Many Virginians are versed in ethical and conflicts-of-interest matters as a result of the numerous and well-publicized fracases that have embroiled the Commonwealth. So, here’s a question:
Is it ethical and/or a conflict of interest for a Commonwealth’s Attorney as the head of an allegedly not-for-profit organization to sue state or federal government agencies?
At the end of December 2017, the Free Market Environmental Law Clinic (formerly the George Mason Environmental Law Clinic) elected a new chairperson of its governing board of directors, Matthew Hardin, 28. The new chairperson had been elected Commonwealth’s Attorney for Greene County in the November 2017 election by 67 votes.
Ostensibly at the behest of the organization’s new board of directors (hereinafter FMELC), Hardin demanded from David Schnare, the prior head of the group, an accounting of the assets and funds belonging to FMELC. This demand, in turn, uncovered the fact that Schnare had botched the initial legal documents and procedures for establishing it as a not-for-profit organization under IRS regulations; this error threatened its existence and liability for funds under its jurisdiction. The stakes are estimated between $800,000 and $900,000. Hardin commenced several lawsuits against FMELC and Schnare.
Ironically—or not—Schnare is prominently noted on Hardin’s campaign website (matthewhardin.com) for his endorsement (August 2017), praising Hardin, who “stepped up and took over some of my workload” in cases for the US Supreme Court so Schnare could concentrate full time on his service at EPA under Scott Pruitt and on the presidential transition team.
Hardin graduated from Appalachia School of Law in 2014 and was “authorized to practice law” that year, according to Avvo, a lawyer website, while another listing indicates 3 years’ experience in environmental law. According to a New York Times article (www.nytimes.com/2018/07/11/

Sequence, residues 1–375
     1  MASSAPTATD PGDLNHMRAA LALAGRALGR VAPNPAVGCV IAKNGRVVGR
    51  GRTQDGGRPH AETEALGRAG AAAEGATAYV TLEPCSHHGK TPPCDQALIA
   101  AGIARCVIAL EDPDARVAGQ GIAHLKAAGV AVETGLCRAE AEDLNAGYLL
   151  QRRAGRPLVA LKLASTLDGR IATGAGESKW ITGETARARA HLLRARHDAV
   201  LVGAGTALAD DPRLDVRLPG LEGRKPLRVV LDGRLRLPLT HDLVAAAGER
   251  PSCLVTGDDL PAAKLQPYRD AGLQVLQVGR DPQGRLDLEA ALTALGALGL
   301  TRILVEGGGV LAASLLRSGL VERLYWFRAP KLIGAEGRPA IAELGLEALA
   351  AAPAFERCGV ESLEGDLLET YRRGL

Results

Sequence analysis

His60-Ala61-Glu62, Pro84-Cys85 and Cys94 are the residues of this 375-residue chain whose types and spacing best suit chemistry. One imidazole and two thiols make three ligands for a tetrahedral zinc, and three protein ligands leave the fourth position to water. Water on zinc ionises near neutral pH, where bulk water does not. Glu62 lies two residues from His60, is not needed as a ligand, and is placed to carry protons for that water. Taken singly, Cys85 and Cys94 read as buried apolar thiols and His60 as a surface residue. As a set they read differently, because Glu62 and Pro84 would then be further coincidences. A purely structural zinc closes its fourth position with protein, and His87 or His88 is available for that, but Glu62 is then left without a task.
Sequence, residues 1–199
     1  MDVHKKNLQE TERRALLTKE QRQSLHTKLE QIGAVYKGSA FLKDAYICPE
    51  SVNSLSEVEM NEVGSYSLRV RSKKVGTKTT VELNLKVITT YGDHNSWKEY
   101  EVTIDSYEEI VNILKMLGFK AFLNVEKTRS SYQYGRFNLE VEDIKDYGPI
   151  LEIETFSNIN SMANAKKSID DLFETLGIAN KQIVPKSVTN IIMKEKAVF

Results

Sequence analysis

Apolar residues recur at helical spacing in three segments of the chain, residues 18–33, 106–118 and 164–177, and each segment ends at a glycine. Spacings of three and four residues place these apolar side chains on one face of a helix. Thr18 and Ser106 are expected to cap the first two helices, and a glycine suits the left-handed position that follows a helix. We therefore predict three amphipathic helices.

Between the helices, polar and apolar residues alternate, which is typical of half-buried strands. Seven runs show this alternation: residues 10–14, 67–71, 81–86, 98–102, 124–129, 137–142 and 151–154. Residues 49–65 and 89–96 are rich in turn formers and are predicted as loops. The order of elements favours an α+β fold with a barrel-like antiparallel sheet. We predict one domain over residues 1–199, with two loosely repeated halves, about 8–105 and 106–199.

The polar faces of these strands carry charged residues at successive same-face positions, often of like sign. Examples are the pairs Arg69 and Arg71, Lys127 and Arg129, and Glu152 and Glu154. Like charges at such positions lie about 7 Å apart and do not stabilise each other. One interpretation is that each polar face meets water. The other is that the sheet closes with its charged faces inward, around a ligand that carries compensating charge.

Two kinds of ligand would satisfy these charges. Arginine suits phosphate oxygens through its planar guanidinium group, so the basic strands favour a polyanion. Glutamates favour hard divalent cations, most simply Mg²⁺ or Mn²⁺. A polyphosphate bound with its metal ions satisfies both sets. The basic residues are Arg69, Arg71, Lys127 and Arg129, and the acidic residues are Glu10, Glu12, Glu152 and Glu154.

We employed the term “ostensibly” regarding Hardin’s demand for an accounting because no record of the identity of FMELC’s new board of directors could be located. “Allegedly” was also used to describe its not-for-profit status since that issue remains to be resolved. Notwithstanding the sordid internecine struggle among several right wing environmental activists, the ethical and conflicts-of-interest questions survive.
Do ethical canons of attorney conduct exist that limit or prohibit a Commonwealth’s Attorney from engaging in lawsuits against state and/or federal agencies, even where such legal actions emanate from private organization in which the Virginia officer is an officer? Are there opinions of the Virginia Attorney General commenting upon such? How much time can a Commonwealth’s Attorney devote to an avocational interest while discharging the duties of the constitutional office? And, finally, does there not exist, in the least, an appearance of impropriety in a state official engaging in such conduct? Of course, Mr. Hardin himself could determine that issue.
Not having ever heard the details of this, I found your article kind of hard to follow. I am the most ethically oriented person I know, so the headline caught my eye, but perhaps a simplified easy-to-follow summary, up front, of the exact OCI, would be good. Perhaps 3 or 4 bullet points could do the job. But thank you for bringing such situations to our attention.
Almost by definition, ethics questions tend to be difficult to parse. Some conflicts of interest (VA past Governor) seem simple until courts and lawyers hack at them. This situation presents a hypothetical ethical/conflicts issue further complicating its reporting. But…should the matter come to pass, we trust your attention to our alert is a reminder and a basis to explain it to another.
Thanks for the explanation, Jim. We always encourage ongoing conversation.
Thanks, Howard, for engaging.